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When someone must re-home a pet

My dog’s previous owner gave me a gift

“He was probably abused.”

“His owners gave him up. Who would do such a thing?”

These are the assumptions I hear people making about their “rescued” pets. I get it, it makes us feel good if we believe we saved an animal from harm.

When someone must re-home a pet

My dog is not a rescue dog. I adopted him directly from his previous owner. Unlike some dog owners, I’m fortunate to know my dog’s history.

Ace was from an accidental “farm litter” near a small town in Minnesota. His previous owner was a single mom and got Ace as a puppy for her teenage daughter, she said. I’m assuming the puppies were free. She did not charge me anything to adopt him a year later, even though I offered her $50 and even though I’m sure she could’ve used the money.

Ace had never been walked, his previous owner told me when I first met my future dog. She also said Ace spent most of his time in his kennel during the day while she was at work as well as in the evenings when he would just get too annoying. I couldn’t blame her. Ace was pretty obnoxious at the time, showing off his worst behavior when I met him – grabbing a towel, licking the cat in the face and climbing all over the couch and my lap. She did not need to tell me he didn’t get any exercise or that he had no concept of “sit” or “stay” or “come.”

How awful that my dog spent his first 12 months living that way, I could’ve said. How sad that someone would re-home a pet after a year.

But that’s not how I see it.

Ace’s previous owner gave me a gift, and I am forever grateful to her. She gave a homeless farm mutt a warm, safe place to crash for a year and then helped him on his way. She may have prevented him from entering a shelter two times – when she initially adopted him and again when she re-homed him herself.

Ace’s previous owner provided my future dog with basic vet care by getting him neutered and vaccinated at the low-cost spay/neuter clinic about 45 miles away. She took the time to kennel train and potty train him.

My future dog got to grow up around a cat and another dog, and he came to me well socialized. I have yet to meet another dog as tolerant of other pets as Ace.

We do not know the details

When I see or hear about someone re-homing or surrendering a pet, I do not respond with judgement. I think of Ace’s previous owner and what a nice person she was and I try to be understanding. I’m sure she has adopted another dog since that day in 2007, and I’m sure that dog is very loved.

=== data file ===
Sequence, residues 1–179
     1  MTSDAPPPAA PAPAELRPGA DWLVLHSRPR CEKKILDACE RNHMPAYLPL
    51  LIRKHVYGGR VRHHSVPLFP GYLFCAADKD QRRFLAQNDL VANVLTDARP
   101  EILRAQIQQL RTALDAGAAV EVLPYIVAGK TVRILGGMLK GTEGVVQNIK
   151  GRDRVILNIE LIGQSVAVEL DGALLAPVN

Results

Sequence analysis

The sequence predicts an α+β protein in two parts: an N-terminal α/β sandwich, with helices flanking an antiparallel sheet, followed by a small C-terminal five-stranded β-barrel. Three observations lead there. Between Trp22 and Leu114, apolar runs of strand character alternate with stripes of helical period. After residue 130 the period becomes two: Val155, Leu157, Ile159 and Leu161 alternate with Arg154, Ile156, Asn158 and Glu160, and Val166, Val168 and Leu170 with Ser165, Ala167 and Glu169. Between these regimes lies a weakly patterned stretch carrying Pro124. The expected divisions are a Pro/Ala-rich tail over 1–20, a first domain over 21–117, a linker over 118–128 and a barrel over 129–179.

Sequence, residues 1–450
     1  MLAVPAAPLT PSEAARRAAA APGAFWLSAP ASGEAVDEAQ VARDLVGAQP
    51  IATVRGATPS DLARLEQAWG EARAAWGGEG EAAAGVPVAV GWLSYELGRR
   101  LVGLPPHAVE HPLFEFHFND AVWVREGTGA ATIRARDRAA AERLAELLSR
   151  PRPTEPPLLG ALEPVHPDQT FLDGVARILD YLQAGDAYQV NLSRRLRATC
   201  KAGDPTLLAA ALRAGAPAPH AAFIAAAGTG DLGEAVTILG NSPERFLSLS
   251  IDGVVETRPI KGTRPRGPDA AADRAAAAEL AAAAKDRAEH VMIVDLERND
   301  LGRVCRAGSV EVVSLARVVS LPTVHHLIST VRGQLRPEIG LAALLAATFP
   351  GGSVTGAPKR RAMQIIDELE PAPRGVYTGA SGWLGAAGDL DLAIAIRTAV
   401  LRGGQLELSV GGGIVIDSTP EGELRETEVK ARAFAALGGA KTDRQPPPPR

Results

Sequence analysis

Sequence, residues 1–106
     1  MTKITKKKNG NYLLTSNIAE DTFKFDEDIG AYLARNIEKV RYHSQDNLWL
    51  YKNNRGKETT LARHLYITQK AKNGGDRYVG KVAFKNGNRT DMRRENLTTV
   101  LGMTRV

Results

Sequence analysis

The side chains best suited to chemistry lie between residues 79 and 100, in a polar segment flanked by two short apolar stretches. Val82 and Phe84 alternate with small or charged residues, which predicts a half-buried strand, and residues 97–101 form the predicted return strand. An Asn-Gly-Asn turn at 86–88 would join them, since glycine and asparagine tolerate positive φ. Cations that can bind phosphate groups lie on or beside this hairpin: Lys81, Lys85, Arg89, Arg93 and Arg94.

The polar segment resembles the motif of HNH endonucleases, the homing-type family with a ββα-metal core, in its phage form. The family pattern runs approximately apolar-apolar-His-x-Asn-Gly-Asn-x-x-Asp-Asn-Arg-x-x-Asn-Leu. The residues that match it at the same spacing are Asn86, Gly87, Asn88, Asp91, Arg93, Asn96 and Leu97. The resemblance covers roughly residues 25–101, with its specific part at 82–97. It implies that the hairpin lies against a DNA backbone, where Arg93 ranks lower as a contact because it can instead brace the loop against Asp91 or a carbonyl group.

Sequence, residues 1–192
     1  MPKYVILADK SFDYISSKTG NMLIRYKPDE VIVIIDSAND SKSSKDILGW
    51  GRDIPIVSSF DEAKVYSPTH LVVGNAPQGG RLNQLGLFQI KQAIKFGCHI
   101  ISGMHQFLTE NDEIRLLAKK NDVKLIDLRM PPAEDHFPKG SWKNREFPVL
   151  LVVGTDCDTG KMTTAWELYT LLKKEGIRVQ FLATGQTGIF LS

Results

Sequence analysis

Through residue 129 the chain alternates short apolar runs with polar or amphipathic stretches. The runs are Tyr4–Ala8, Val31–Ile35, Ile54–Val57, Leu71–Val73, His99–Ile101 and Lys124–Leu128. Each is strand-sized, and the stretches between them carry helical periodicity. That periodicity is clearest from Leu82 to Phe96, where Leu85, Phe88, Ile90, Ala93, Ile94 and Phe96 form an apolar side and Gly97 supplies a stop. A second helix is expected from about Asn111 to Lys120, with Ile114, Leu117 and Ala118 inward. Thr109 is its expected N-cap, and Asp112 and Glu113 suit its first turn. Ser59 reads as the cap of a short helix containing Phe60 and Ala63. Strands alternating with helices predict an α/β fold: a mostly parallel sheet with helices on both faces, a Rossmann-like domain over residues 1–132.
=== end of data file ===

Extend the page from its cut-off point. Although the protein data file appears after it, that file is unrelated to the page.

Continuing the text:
Surrendering a pet is not an easy choice, and these decisions are not made overnight. When I hear that someone has to give up a cat because he is moving, I do not say, “Well, didn’t you know you would be moving?” Instead, I try to imagine the difficult situation that person must be facing. I just moved across the country with three animals, and they were definitely a huge burden.

When we hear about someone surrendering a pet, we tend to respond with “How could they?” Perhaps we should say “Is there anything I can do to help?”

What do the rest of you think would be the appropriate thing to say to someone who is re-homing a loved pet?


Monday 12th of August 2013

I had two lab boys surrendered to me. They were pretty much purchased, then put in a backyard and left for a couple of years. I had to carry one of the dogs to my car, as it had never been lead trained. The owner was in tears as he signed the surrender paperwork. When I rehomed the lab boys, I sent the owner a text, saying, "Mack and Jet say thank-you for giving them a chance for a new life." I genuinely meant it.

Your line, "She did not charge me anything to adopt [Ace]... even though I offered her $50 and even though I’m sure she could’ve used the money." really struck me. So many people surrender their pets who genuinely have the pet's best interest at heart, just like Ace's last owner.

In general, I think us pet-loving folk are way too harsh on people who choose to rehome their pets. Often, people rehome pets for the pet's sake, and not for their own. They certainly don't deserve criticism as they make this tough choice.

Lindsay Stordahl

Monday 12th of August 2013

Yes, they don't deserve the criticism. I agree. Thanks for your example with the two Labs.


Thursday 8th of August 2013

What a great story, Sure glad he ended up with You!


Wednesday 7th of August 2013

We would be better off all around if people were less judgy about everything. I have adopted 4 dogs over the years and sometimes it's hard not to judge, but you are spot on - we should be grateful that they knew enough to surrender the dog (even though two of mine were 'drifters'). Be positive and optimistic - that should be the message to someone facing that tough choice.


Wednesday 7th of August 2013

My parents re-homed a dog that I had adopted before I went to college. She was a Beagle who needed far more attention than they could give her. I was devastated for a while until I realized that the dog was happier, my parents were happier and her new family was thrilled to have her. I was just being selfish.

Elizabeth Kleweno

Wednesday 7th of August 2013

If I ever run across the owner surrender form for Belle I think I might call the people and say thank you. Yes she has her issues but she has become a totally different dog since we've had her. And I love every moment!!!

Thanks for reminding me that it is hard to decide to re home a pet. The other hard part, and one that my fiance reminds me about all the time, is you can't save them all. We have two dogs, one for each hand, and I have to remind myself that we made a difference in their lives.